Recently published in the APTI Communique, here is Kent’s report on the APTI Study Group trip to Cuba, in February:
(APTI Members will find this on-line, along with Mary Jablonski’s trip report and all sorts of other current APTI news)
On the morning of February 4th, 29 APTI members met at Miami International Airport and soon departed for Havana, Cuba, for a 10-day professional study trip. We represented a cross-section of the APTI membership; architects, engineers, decorative arts specialists, and conservators, both young and old, from across the United States. All were accounted for except Stanley.
This was my second trip to Havana, the first taking place in 2001, with the New York Landmarks Conservancy, and I was looking forward to seeing what progress had been made in the last decade.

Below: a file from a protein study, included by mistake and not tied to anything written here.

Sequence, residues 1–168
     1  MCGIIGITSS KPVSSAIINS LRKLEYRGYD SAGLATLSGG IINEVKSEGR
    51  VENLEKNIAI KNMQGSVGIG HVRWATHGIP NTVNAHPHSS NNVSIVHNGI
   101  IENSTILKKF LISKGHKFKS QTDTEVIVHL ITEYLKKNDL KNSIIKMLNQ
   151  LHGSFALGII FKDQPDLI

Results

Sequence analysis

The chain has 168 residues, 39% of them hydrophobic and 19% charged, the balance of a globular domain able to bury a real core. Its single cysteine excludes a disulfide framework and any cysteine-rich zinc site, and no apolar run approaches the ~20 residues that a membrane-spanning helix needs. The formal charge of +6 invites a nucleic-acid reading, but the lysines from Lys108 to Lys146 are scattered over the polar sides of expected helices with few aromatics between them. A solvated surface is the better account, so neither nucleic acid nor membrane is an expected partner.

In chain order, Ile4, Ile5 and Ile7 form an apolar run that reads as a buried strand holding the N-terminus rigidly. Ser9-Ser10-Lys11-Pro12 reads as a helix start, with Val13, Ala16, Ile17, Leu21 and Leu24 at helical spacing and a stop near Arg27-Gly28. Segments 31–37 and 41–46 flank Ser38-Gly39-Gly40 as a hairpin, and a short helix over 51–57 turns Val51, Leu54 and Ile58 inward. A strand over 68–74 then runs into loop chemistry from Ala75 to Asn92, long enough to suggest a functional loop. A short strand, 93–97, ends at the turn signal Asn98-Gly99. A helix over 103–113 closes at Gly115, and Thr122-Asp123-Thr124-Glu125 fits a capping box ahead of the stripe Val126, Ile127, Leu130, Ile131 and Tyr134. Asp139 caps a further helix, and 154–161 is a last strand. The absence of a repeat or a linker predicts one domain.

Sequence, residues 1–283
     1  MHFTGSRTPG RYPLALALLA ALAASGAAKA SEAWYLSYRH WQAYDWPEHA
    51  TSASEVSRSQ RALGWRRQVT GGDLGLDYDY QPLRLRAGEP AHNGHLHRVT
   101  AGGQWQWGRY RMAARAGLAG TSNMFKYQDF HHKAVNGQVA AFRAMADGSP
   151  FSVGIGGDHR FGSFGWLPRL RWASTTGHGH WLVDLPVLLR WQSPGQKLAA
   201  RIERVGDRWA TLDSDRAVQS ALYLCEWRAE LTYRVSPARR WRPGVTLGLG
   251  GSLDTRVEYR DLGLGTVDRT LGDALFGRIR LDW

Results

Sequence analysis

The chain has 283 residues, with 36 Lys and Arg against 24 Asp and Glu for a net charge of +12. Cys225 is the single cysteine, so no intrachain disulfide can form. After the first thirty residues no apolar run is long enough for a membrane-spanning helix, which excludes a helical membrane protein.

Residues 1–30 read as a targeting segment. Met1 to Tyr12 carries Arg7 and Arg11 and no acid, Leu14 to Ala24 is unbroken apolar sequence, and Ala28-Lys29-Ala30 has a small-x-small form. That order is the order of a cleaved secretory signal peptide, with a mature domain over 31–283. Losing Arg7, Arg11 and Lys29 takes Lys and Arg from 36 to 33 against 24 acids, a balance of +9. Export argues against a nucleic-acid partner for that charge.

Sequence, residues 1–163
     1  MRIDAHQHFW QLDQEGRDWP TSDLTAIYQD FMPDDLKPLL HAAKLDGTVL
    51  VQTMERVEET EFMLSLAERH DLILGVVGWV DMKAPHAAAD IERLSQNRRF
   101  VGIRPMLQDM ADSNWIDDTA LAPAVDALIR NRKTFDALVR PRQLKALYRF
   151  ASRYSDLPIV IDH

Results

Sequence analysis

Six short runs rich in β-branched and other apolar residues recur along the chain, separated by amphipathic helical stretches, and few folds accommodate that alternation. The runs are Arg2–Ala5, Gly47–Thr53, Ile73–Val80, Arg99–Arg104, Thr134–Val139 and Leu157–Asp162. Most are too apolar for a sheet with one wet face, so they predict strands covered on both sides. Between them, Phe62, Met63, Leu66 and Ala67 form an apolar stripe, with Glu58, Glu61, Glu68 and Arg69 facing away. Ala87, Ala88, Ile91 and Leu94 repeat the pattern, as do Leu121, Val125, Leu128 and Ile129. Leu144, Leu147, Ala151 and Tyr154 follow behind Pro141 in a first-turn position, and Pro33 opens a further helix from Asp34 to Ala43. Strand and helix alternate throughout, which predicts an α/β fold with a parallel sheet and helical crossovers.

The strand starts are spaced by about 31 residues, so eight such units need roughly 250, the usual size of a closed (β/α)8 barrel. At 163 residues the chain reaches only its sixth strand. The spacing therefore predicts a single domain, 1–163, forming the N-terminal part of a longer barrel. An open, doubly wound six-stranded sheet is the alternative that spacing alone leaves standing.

I think I speak for our group in reporting that we were all completely welcomed by the Cuban people we met, both professionals and the public. I am also sure that none of us had any notion of how closely we would all bond during our ten days together.
The program was conceived and designed by conservator Rosa Lowinger, who is herself Cuban, and whose family left Cuba during the post-revolution exodus in the early 1960’s. Rosa was ably assisted by tour guide Nelson Ramos, from Havana Tours, whose organizational skills, silver tongue and wicked sense of humor were all constantly in play and fully appreciated by all of us.
Arriving in Havana on that Friday afternoon, we reached our hotel as the sun set over the city, illuminating the restored and the decaying with equal charm. The next few days were spent in and around Old Havana, and as this APTI Communique piece does not allow for a full, day-by-day travelogue, I will touch on a few highlights, which include a substantial side-trip to Cienfuegos and Trinidad de Cuba, both World Heritage City sites on the Caribbean coast.